A while ago I mentioned purchasing a very cheap battery pack that obviously didn’t live up to expectations. However, I didn’t get a chance to write about a more capable power bank, the Mars RPB60. It was branded as a SoundLogic/XT power bank, and holds 4400 mAh of battery capacity, with two USB ports (one labeled for 1 amp and 2.1 amps) and a micro-USB power input.
The power bank
The power bank from the outside looks pretty nondescript, with two USB ports, a micro-USB input, a button and four blue LEDs. Initially it seemed that there wouldn’t be any easy way to open up the casing without damaging it, so I tried to pry away the plastic covers at the ends. Doing so revealed plastic plates held in with small Phillips screws. Disassembly from that point was a cinch.
The PCB portion of the pack is of a stacked design. The two halves are connected with a set of small pin headers, with one side being the main DC-DC converter and USB output, and the other being the “gas gauge” and charging circuitry. The reason I put the phrase ‘gas gauge’ in quotes is that it’s only going by pure voltage thresholds, making it inaccurate when under load (like charging a phone and tablet, for example).
The main microcontroller is an unmarked 14-pin SOIC (likely an OTP-based PIC clone) and a TP4056 Li-Ion charging IC. The DC-DC converter is a DFN package that I couldn’t find any data on, but from what I can tell it integrates the DC-DC converter control circuitry and the switching MOSFETs.
The cells themselves seemed to be of good quality, but the bastards at Mars decided to black out the branding and model number of the cells! However, I was unphased at their attempt to cover up what cells they were using. With a careful cleaning with flux remover and some Kimwipes, I found that this pack uses ATL INR18650 cells with a DW01-based protection circuit. These cells hold 2200 mAh each, and the INR prefix means that these are high-power cells intended to provide heavy output currents. This is desirable as a 10 watt load like an iPad would definitely put heavy strain on the batteries. Considering the good cells they used, I don’t understand why they’d want to hide the markings on the cells (and in a half-assed way too!)…
The initial capacity was at about 4800 mAh (greater than the rated capacity 😀 ) with an average ESR of about 63 milliOhms. However, after a dozen charge-discharge cycles, the capacity has decreased to 4630 mAh and has an average internal resistance of 190 milliOhms. I’ve got a feeling charge cycle endurance may be an issue with this battery pack. Time will tell…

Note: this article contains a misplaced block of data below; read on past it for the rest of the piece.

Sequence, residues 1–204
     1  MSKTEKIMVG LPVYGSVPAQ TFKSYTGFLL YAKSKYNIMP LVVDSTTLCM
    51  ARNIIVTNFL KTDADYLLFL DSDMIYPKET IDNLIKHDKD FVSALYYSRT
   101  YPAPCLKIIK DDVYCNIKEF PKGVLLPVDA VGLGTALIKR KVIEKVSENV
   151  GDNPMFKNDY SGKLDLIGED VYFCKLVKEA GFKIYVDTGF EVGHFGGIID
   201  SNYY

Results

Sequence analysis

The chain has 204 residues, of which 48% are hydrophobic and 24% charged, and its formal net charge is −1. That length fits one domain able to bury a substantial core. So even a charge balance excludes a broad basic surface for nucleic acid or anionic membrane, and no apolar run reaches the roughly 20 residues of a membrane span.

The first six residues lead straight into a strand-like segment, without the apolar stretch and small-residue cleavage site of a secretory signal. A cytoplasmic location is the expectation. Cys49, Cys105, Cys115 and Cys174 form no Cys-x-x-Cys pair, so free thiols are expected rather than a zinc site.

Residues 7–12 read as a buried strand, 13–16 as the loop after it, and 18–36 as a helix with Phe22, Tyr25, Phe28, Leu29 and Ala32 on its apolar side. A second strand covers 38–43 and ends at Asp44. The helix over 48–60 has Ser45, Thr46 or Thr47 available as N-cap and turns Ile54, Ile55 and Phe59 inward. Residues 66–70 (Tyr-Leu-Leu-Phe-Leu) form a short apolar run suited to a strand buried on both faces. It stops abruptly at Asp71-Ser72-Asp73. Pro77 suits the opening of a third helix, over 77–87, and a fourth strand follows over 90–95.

Gas gauge hacking
Since this battery pack didn’t have the gas gauge capabilities I wanted (voltage threshold-based gauging isn’t enough!), I decided to put in my own. I built a small bq27541-V200 gauge board with an external thermistor and current-sense resistor, using the breakout board itself to hold all the SMD passive components required for the gauge to function. The thermistor is taped to the cells to get an accurate temperature reading, and the current-sense resistor is attached in series between the cell’s negative terminal and the negative contact of the protection circuit.
This is where the hacking happens. I connected the I2C lines to the left USB port’s data lines. The voltage divider used for Apple devices is very high-resistance and makes for good I2C pullup resistors. The device still appears as a normal device charger but works just fine when the I2C signals are hidden behind the USB lines.
However, the design for my gauge is definitely not the best one. I noticed that with heavy use (and not even one full discharge cycle), the gauge had reset 4 times without me knowing. Of course, I’m not expecting great performance from this gauge since it’s extremely susceptible to EMI (long wires looping around are just asking for trouble 🙂 ) in its current state. Given how I basically hacked this together in a matter of a few hours, it works well enough. Next up is to go into Altium Designer and make a proper gas gauge board with good EMI and RFI mitigation (and perhaps sell them on Tindie; the hobbyist community needs better gas gauges and stop being so paranoid about Li-Ion batteries).
Further testing showed that certain phones put pulses on the USB lines which has occasionally caused the bq27541 to crash and reset as well.
Additionally, I’ve noticed that the DC-DC converter circuit is quite inefficient. It has 5-7 mA of quiescent current draw and has about 60-80% efficiency. At a full charge, it will take only one month before all the charge is drained from the cells and the protection circuit disconnects the cells.
Since this battery pack has a nicely built casing, I intend to gut the battery pack, design new PCBs inside with good DC-DC conversion, an Impedance Track-based fuel gauge, and an onboard microcontroller with some battery-logging capabilities (perhaps to an EEPROM or an SPI Flash ROM), accessible through the micro-USB port. I also plan to use some higher-capacity cells, like the 3400 mAh Panasonic NCR18650B.
If not, then at least I want to replace the microcontroller with one that will read the bq27541’s state of charge readings and display them on the LED bar graph.